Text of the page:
There has been an uptick in acquisitions by 3PL companies.
By Peter Lewin
The transportation sector is undergoing a dramatic shift. The intersection of a strong economy and the generational turnover of truck drivers, combined with technology mandates from the federal government, has upended assumptions that have shaped the industry for decades. As these changes reverberate through the industry, they are influencing both the demand for financing and the nature of funding that transportation companies are seeking. One area in which these changes are particularly evident is in third-party logistics (3PL).
Trucking Challenges Have a Ripple Effect
Now in its ninth year, the recovery seems as strong as ever, with freight moving across country at record levels. The relevant economic indicators are quite positive. GDP reached 4.1 percent on an annualized basis in the second quarter of 2018, its fastest pace in four years. The Federal Reserve Board Industrial Production Index rose by 4.2 percent between July 2017 and July 2018, driven by increases in mining and manufacturing. And the Institute for Supply Management’s Manufacturing Purchasing Managers’ Index was 58.1 percent in July, indicating continued growth in the face of uncertainties about tariffs.
This level of economic activity puts freight on the roads. It pushed the Bureau of Transportation Statistics’ Freight Transportation Services Index to a series of all-time highs in the last few months; its 8.2 percent rise over the most recent four quarters was the largest year-over-year increase in eight years. The American Trucking Associations’ advanced seasonally adjusted For-Hire Truck Tonnage Index showed almost identical gains. It rose 1.9 percent in July to 115, an 8 percent annual increase.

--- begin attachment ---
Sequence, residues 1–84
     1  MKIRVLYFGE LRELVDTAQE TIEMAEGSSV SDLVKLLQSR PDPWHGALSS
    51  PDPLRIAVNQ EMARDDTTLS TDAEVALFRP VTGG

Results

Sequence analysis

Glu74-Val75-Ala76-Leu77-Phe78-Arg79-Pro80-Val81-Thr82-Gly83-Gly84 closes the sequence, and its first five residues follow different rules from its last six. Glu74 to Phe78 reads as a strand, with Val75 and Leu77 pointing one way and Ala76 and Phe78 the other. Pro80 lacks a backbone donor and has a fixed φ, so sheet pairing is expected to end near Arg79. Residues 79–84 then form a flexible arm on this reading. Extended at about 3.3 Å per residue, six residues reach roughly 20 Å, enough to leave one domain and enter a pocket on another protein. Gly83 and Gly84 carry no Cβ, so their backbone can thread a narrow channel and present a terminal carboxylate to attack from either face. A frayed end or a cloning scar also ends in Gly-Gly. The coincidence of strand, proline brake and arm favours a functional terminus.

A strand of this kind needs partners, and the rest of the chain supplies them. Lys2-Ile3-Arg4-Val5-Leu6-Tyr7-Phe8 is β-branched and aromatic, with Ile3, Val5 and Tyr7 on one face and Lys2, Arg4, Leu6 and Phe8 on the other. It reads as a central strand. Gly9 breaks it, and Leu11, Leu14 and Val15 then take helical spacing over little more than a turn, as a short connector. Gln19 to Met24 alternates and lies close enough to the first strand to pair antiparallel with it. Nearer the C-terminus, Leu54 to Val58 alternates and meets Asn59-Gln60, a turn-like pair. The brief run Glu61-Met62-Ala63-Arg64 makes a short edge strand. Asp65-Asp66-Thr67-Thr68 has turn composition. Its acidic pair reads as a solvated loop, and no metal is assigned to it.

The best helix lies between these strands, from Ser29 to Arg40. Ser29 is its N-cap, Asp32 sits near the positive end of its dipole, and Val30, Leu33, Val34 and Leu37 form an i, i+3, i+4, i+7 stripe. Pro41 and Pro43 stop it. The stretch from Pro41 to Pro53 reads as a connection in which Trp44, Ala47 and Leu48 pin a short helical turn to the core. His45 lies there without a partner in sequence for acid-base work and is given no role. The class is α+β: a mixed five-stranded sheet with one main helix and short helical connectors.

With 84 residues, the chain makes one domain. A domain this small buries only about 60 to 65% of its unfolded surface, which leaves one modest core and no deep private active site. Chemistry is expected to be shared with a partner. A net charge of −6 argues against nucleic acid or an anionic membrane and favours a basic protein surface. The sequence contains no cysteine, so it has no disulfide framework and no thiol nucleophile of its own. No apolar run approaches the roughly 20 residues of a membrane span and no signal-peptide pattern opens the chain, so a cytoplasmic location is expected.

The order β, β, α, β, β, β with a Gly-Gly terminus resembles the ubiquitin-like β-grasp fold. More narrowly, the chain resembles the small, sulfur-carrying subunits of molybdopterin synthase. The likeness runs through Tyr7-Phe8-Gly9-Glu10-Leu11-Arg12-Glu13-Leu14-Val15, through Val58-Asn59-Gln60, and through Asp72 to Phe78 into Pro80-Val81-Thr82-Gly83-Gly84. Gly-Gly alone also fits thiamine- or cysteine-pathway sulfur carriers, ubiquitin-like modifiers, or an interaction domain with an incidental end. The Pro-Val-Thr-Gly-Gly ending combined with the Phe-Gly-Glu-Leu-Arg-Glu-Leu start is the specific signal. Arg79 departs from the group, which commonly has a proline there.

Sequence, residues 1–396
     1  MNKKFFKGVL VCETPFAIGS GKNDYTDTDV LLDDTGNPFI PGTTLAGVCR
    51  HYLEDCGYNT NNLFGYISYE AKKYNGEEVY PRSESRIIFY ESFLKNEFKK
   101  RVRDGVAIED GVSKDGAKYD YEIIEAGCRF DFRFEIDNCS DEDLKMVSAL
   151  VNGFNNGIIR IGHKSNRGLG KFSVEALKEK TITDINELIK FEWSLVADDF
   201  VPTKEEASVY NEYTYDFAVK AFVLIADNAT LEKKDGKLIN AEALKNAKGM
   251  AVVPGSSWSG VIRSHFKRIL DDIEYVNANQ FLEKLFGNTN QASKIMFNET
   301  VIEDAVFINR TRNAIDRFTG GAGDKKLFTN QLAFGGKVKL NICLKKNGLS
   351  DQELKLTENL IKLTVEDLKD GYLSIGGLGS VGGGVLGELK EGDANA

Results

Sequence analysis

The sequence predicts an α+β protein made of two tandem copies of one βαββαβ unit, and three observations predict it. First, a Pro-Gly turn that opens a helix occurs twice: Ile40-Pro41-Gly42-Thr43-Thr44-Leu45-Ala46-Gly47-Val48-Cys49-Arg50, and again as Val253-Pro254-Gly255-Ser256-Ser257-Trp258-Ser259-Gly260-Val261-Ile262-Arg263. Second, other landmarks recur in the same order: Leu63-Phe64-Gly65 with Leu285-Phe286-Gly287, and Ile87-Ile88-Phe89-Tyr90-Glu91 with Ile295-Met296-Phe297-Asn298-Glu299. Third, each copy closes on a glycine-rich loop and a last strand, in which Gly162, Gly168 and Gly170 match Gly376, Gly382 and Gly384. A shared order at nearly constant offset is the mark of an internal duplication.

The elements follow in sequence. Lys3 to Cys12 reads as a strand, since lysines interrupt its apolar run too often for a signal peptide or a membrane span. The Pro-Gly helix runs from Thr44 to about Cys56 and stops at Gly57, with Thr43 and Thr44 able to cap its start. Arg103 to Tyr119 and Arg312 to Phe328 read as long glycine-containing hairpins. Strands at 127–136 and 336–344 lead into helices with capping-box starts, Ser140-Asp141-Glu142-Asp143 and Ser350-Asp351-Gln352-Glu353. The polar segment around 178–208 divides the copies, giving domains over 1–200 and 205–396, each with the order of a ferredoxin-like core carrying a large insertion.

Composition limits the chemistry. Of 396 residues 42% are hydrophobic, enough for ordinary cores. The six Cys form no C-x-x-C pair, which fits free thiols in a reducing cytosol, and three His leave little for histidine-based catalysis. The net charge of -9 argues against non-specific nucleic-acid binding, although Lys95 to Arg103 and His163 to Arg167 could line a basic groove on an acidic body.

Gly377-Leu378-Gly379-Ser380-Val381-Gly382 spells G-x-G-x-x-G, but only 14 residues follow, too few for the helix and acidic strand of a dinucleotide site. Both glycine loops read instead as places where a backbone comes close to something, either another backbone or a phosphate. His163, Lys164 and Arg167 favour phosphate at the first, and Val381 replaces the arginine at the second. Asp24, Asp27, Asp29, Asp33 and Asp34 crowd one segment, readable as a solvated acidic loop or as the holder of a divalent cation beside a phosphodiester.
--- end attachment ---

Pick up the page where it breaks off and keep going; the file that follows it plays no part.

But at the exact moment that demand is surging, a confluence of demographic factors has limited the ability of trucking companies to keep pace. Long-haul trucking is not for everyone. Drivers can be away from home for days or weeks at a time — and much of that time is spent on their own. As a result, millennials have been hesitant to take the place of baby boomers who are retiring. According to the American Trucking Association, the U.S. faces a shortage of 50,000 drivers.
Compounding this problem is the federal rule mandating the use of electronic logging devices, which by limiting flexibility to respond to traffic, delays at loading docks or limited parking, can lower productivity.
Investment in Technology Driving 3PL Consolidation
Not surprisingly, given ATA’s estimate that trucking represents 70.2 percent of tonnage carried by all modes of domestic freight transportation, the challenges faced by trucking companies have rippled through the transportation sector. This is especially true for 3PL companies. With trucking companies eager to maximize the use of their fleets and shippers worried about securing transportation for their freight, 3PL companies are seeing strong revenue growth. Their principal strategy is to invest heavily in technology to automate the process of pairing shippers with truckers. This investment, in turn, creates an imperative to expand their footprint, enlarge their customer base, and add new market segments. There is a growing recognition among 3PL companies that to maximize their return on their technology investment, they must merge.